What surprised me most in the other direction is Dragonlord Ojutai. During the first few rounds of Standard on Saturday, I saw a lot of Ojutai, and even tweeted that it was a good pickup with all the camera time it was getting. It ended up doubling up over the weekend, so it seems plenty of people agreed with me. Looking back though, we see only three copies of Ojutai in the invitational top eight, and three in the sideboard of Buffalo Magic player and general hater of cool things, Alex Bianchi. Even though Ojutai came out swinging and looked great at the start of the weekend, he apparently couldn’t follow through. With a price tag of $15, this is a definite ship. Compare Ojutai’s price trajectory to Whisperwood, and you’ll see quite a bit of similarity. Now recognize that Whisperwood did quite well during its inaugural weekend, and has continued to perform. Ojutai’s 95-percent best-case scenario is performing just as well as Whisperwood has, and if he can’t manage that, we should see prices back under $10. Of course, I still am not convinced that Ojutai is that good of a card, so take my advice here with a grain of salt, I suppose.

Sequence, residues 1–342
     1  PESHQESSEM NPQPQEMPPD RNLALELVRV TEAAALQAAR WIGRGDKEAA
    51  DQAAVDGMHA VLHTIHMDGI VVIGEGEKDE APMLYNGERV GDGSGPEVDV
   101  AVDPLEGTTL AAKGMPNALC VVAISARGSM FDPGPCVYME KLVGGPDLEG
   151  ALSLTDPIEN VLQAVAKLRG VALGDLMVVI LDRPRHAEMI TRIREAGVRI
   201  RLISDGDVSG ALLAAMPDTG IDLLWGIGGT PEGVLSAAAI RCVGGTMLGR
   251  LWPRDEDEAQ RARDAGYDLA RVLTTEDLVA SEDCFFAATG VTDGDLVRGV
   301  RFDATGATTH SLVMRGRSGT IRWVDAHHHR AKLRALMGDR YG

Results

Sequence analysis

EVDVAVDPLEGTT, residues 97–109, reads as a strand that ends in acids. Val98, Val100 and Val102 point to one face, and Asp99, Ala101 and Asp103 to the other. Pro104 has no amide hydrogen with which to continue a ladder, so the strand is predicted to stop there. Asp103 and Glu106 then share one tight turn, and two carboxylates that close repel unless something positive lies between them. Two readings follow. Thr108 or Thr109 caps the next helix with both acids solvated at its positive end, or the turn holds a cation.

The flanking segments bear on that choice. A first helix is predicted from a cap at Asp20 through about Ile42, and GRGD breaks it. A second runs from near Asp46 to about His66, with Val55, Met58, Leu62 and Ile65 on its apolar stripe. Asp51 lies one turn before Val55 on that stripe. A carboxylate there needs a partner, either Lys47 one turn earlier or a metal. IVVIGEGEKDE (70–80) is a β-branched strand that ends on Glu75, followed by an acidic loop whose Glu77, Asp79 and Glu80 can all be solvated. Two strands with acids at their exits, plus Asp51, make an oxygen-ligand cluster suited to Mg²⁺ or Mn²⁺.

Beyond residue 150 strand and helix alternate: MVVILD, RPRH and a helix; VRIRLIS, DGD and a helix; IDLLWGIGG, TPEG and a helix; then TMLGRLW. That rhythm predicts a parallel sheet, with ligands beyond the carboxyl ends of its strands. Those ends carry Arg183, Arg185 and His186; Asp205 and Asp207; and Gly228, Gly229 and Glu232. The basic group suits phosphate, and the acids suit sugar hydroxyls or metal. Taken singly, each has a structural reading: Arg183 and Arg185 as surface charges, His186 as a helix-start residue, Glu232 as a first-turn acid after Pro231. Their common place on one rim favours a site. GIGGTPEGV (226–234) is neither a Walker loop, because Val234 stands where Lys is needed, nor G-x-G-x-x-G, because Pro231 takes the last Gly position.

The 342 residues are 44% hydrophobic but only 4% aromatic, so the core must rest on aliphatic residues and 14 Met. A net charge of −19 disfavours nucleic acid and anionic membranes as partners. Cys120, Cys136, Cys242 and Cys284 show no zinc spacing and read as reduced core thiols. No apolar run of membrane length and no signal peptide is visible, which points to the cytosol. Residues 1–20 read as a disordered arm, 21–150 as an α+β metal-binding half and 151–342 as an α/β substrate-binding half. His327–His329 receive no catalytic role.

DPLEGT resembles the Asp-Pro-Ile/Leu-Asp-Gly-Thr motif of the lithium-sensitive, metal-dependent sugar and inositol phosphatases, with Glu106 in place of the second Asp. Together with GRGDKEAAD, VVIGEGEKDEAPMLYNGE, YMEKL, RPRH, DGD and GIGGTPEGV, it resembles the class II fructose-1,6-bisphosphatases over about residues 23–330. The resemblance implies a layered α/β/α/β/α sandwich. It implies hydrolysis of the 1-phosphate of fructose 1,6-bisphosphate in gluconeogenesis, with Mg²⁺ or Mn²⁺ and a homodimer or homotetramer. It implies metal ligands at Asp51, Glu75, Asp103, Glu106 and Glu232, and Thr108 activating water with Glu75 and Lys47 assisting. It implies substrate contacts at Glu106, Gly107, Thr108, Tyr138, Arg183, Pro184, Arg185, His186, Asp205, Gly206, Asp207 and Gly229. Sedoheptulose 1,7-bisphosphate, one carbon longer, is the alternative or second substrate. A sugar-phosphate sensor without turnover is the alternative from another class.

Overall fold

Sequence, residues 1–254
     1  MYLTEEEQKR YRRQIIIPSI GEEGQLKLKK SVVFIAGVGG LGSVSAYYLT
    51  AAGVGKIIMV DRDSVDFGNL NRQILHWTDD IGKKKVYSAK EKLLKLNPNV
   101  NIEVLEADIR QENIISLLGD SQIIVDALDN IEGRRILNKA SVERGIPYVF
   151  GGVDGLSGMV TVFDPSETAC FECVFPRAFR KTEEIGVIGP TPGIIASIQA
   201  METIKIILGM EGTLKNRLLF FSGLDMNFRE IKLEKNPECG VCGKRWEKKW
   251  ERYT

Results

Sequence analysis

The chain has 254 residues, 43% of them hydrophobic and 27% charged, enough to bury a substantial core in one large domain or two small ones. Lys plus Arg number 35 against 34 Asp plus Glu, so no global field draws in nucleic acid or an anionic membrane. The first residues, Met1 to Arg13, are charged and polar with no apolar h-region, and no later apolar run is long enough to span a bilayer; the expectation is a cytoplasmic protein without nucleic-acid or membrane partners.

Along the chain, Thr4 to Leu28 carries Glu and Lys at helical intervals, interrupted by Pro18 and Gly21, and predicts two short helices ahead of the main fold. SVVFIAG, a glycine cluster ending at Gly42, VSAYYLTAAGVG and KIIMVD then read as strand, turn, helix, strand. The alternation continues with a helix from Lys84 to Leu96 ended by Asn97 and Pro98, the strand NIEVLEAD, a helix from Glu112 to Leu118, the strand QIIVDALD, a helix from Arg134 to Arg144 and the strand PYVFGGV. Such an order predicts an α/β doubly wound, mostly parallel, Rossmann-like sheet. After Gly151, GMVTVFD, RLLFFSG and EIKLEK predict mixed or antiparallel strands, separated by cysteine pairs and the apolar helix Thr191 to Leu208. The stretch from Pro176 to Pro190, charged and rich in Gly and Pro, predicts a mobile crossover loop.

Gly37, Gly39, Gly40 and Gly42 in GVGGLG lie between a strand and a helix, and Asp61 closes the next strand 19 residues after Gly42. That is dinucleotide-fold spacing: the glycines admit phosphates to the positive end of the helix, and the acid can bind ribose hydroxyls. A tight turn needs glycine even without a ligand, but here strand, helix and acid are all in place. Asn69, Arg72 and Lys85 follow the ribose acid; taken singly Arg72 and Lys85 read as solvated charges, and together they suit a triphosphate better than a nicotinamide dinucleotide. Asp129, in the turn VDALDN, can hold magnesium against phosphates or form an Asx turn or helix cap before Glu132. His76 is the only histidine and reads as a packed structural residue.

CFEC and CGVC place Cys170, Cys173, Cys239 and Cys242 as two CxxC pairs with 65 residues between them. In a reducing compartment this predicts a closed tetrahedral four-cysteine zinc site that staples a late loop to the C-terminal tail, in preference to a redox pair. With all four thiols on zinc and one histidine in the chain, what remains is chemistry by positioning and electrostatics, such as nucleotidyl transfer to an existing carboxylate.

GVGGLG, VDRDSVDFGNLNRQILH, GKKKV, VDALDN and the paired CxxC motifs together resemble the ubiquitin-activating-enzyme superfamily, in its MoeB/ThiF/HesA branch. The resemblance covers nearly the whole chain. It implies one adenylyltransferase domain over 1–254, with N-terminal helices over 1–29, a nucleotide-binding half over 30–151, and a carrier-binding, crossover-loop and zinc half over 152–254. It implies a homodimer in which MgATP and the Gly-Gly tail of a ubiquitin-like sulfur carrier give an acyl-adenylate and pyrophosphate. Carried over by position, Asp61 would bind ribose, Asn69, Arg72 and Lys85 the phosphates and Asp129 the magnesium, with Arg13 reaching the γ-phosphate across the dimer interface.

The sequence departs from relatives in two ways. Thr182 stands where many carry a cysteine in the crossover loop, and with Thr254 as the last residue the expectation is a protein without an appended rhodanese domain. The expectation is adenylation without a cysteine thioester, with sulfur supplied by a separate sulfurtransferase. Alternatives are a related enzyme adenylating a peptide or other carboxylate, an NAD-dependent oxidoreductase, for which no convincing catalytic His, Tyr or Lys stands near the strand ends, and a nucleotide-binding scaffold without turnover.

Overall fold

Over on the Modern side of things, Affinity’s win gives us nothing to care about. That whole deck is a minefield with MM2015 on the horizon. Infect in second place doesn’t give us much to work with either, except for Inkmoth Nexus. Nexus has climbed up towards $12. If it doesn’t show up in MM2015, I’d be surprised if it didn’t hit $20 by the end of summer.